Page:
More than one in 10 young people have recently suffered a distressing sexual problem
Editor : Niraj
 08 Sep 2016 |  147

More than 10 per cent of sexually active young people have recently experienced a “distressing problem” in the bedroom, according to a new study. Researchers analysed information from a survey of 2,392 people aged 16 to 21, of whom 517 were sexually inactive. They found that 44 per cent of sexually active young women and 34 per cent of sexually active young men had experienced one or more sexual problems lasting at least three months in the past year.
Nine per cent of men and 13 per cent of women said they had experienced a problem so bad that they had felt distressed as a result. The most common ‘distressing’ complaint among sexually active women was difficulty reaching orgasm (six per cent), while five per cent said their problem was a lack of interest in sex. Among young men, the most common problem was reaching a climax too quickly (five per cent) and difficulty getting and keeping an erection (three per cent).
Dr Kirstin Mitchell, who began the research at the London School of Hygiene & Tropical Medicine and is now based at Glasgow University, said: “When it comes to young people’s sexuality, professional concern is usually focussed on preventing sexually transmitted infections and unplanned pregnancy. “However, we should be considering sexual health much more broadly, as sexual difficulties can impact on young people’s sexual wellbeing in the longer term.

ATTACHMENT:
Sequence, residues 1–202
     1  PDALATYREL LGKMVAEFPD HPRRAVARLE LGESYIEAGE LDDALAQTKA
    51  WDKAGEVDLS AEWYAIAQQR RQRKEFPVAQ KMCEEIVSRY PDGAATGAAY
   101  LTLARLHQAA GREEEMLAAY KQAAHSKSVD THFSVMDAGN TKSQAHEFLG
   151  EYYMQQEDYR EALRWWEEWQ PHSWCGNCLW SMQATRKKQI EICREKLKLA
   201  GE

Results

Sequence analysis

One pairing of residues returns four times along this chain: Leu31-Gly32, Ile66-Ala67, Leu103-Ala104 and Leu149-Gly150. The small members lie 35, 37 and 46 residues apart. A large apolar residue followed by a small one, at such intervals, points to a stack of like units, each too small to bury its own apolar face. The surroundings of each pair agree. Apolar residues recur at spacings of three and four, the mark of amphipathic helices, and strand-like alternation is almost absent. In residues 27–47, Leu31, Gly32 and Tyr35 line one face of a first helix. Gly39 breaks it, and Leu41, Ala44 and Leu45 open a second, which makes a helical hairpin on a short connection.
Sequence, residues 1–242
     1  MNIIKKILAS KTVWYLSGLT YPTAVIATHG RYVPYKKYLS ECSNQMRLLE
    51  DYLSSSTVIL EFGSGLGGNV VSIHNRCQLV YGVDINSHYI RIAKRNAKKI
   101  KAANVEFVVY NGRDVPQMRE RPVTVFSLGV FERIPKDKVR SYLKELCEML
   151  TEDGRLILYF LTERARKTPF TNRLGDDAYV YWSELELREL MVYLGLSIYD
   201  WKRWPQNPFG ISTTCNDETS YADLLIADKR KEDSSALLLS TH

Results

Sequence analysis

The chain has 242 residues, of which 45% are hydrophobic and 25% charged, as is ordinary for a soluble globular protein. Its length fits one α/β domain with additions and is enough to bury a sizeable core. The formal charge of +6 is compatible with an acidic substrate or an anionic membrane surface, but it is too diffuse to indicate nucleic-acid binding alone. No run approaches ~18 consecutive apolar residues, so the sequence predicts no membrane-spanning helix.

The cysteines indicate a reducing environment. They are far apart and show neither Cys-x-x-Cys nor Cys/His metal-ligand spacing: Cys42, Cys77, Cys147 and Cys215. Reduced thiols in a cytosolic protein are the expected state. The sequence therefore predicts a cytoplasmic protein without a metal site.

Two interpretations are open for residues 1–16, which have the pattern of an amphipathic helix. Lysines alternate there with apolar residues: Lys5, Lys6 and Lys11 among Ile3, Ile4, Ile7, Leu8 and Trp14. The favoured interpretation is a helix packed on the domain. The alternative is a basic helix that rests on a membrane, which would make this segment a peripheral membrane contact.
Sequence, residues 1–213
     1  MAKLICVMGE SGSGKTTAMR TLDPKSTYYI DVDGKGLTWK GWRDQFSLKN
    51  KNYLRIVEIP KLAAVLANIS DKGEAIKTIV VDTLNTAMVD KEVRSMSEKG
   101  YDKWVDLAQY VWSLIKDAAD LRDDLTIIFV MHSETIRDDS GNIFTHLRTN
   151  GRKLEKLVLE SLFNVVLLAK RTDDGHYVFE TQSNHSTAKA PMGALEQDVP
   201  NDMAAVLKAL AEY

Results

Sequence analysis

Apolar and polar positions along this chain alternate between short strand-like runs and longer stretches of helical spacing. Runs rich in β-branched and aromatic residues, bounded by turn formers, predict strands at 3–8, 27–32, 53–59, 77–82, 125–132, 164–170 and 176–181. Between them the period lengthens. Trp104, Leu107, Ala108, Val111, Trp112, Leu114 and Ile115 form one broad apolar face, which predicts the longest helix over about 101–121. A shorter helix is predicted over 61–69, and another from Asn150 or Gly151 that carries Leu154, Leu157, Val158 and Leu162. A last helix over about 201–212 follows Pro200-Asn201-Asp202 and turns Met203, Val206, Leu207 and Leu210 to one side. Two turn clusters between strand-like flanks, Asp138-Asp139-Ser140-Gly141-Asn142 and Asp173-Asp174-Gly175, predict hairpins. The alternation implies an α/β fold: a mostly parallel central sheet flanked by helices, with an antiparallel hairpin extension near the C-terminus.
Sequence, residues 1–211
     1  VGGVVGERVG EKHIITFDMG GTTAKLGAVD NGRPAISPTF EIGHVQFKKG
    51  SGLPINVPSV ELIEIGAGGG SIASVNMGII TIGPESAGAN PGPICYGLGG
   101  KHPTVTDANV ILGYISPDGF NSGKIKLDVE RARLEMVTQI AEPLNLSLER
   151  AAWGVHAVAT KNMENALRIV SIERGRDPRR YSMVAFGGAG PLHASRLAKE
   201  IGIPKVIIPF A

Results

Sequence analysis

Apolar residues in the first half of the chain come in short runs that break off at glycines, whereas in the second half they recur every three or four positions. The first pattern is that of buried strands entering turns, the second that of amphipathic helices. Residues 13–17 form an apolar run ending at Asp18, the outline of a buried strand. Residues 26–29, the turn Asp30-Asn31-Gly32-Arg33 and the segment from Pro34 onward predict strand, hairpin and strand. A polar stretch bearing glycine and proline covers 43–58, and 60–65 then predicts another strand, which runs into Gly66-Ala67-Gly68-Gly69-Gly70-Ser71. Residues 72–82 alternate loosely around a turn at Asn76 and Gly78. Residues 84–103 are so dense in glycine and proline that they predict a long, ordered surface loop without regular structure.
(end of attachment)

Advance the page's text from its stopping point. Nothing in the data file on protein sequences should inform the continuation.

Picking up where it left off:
“Our findings show that distressing sexual problems are not only experienced by older people in Britain – they are in fact relatively common in early adulthood as well.” She said sex education and health service professionals should “provide reassurance and opportunities for young people to discuss and address these problems early on”.
“If we want to improve sexual wellbeing in the UK population, we need to reach people as they start their sex lives, otherwise a lack of knowledge, anxiety or shame might progress into lifelong sexual difficulties that can be damaging to sexual enjoyment and relationships,” Dr Mitchell said. About a third of young people with problems had sought help, but usually from family, friends, the media or self-help sites on the internet.
Four per cent of young men and eight per cent of young women with a problem had sought professional help from a sexual health professional or other expert. Ten per cent of those who had not had sex for a year said they had avoided it because of a previous problem they or their partner had experienced. Professor Kaye Wellings, of the London School of Hygiene & Tropical Medicine, who took part in the research, said sex education in the UK was “often silent on issues of sexual satisfaction”.

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